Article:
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Union Pacific becomes second railroad to phase out one-man crews

OMAHA, Nebraska (AP) — Union Pacific became the second major freight railroad in the past week to abandon a long-standing industry push to reduce train crews to one as legislators and regulators increasingly focus on railroad safety in the wake of last month’s fire. . crash in Ohio.

The Omaha, Nebraska, railroad said in a statement Saturday that it reached an agreement with a union representing conductors to drop its proposal to remove these workers from locomotive cabs just months after it pushed to test the idea of ​​placing conductors in trucks. in parts of its 23-state network. Norfolk Southern made a similar announcement a few days earlier.

The Feb. 3 Norfolk Southern train derailment, forcing the evacuation of about half of an East Palestine city near the Ohio-Pennsylvania border after officials released and burned toxic chemicals, sparked renewed interest in railroad safety. The bipartisan bill, which gained support in Congress, would require railroads to maintain two-man crews and make a number of other changes designed to reduce the likelihood of future derailments. And regulators, who are also pushing railroads to reform, were already considering a rule that would require two-person crews.

The major freight railroads have long argued that technological advances — especially the automatic braking system they have had to install in recent years — have made it unnecessary to have a second person on every locomotive. Railroad executives have said they believe removing conductors from trains will improve their quality of life, as they will have more predictable schedules and will not walk on the roads.

But the Transportation Department of the International Sheet Metal, Aviation, Railroad and Transport Workers Association and other rail unions have long refused to agree to cuts in train crew numbers because they believe train conductors play a critical role in ensuring safety and they want to keep workplaces.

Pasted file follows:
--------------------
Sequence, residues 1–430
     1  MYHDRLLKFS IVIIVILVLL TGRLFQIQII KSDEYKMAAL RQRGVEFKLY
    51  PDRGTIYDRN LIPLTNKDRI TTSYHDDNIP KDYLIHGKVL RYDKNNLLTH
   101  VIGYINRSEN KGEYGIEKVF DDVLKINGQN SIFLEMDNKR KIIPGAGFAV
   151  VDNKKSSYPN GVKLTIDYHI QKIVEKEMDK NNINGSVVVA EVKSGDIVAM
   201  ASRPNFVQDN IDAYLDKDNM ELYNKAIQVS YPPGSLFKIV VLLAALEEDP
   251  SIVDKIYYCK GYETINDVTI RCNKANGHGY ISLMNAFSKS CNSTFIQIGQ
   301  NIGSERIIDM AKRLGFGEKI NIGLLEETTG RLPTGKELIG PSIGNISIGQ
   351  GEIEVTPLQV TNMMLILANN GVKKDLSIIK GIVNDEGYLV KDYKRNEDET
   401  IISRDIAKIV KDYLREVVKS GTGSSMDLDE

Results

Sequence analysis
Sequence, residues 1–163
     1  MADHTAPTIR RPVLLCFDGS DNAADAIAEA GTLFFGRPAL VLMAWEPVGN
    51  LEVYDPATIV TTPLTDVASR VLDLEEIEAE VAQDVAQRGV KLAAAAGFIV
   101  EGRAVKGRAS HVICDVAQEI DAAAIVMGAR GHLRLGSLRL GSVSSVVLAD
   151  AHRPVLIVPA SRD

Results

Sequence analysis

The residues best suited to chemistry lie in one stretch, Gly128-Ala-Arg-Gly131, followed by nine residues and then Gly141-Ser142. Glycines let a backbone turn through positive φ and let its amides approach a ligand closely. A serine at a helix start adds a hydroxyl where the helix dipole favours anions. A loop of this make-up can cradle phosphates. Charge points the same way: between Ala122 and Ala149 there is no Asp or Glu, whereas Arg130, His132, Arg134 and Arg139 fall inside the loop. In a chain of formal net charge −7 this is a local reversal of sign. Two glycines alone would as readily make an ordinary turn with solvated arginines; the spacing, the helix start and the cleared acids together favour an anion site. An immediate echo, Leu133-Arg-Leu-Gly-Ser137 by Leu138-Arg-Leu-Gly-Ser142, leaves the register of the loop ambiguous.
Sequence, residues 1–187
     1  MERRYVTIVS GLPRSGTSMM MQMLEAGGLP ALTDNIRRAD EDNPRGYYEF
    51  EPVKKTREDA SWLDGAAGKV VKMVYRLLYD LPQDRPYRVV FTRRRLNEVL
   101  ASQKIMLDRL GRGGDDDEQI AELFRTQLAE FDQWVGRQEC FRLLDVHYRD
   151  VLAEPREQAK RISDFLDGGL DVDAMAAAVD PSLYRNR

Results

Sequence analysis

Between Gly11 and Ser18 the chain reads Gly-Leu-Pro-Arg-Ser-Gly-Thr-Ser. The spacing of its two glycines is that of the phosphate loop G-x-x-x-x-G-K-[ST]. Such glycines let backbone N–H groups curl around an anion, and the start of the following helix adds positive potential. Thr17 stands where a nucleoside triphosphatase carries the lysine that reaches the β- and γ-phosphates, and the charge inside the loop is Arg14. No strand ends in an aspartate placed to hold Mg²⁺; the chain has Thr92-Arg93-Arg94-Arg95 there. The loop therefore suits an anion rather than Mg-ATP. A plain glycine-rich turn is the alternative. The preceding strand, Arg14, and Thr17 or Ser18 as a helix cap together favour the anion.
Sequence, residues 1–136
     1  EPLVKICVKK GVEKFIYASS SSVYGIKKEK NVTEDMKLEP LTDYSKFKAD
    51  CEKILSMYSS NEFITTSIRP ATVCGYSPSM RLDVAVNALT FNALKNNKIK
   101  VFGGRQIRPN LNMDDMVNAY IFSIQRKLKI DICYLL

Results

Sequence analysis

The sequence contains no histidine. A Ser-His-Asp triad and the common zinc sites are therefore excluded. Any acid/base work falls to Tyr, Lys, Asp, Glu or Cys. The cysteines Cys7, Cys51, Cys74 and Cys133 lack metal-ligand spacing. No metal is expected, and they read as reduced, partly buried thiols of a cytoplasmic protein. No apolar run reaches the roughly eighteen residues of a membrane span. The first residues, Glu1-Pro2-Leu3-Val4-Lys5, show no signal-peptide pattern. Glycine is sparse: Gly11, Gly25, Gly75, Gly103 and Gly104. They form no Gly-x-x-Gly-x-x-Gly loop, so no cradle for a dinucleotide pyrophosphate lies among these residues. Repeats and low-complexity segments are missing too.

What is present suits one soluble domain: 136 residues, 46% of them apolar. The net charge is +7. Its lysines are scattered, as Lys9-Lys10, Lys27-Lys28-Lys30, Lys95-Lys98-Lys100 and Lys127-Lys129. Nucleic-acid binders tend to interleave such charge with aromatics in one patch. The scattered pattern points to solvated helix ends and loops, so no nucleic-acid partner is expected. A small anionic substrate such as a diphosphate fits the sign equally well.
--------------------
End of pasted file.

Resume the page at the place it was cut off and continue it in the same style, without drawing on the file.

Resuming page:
The unions say conductors help monitor track conditions and radio communications while ensuring that engineers stay alert and respond to any emergencies or mechanical problems on the train. In the event of a derailment or collision, conductors are the first to respond before any further help can arrive, and they provide emergency services with key information about what the train is carrying.

Union Pacific executive vice president Beth Whited said the railroad will now focus on other ways to deal with the busy schedules workers expressed during difficult contract negotiations last fall. The railroad industry was on the brink of a strike that could cripple the economy before Congress stepped in in December and imposed a contract to prevent the strike.

“We are pleased that Union Pacific is focusing on the quality of life of our conductors,” said Jeremy Ferguson, president of SMART-TD.

Railroads have also been under pressure over the past year to improve their services because they have struggled to keep up with all the traffic the companies want them to deliver. And the industry is defending its safety record after cutting nearly one-third of all railroad jobs over the past six years as railroads overhauled their operations. Unions say all these cuts have left workers too dispersed, making it harder for them to do all the necessary checks and maintenance.

Railways claim they remain the safest way to transport hazardous chemicals and all sorts of other cargo overland because almost every cargo arrives safe and sound, but the East Palestine derailment has once again proved just how devastating even a single hazardous wreck can be. chemicals.

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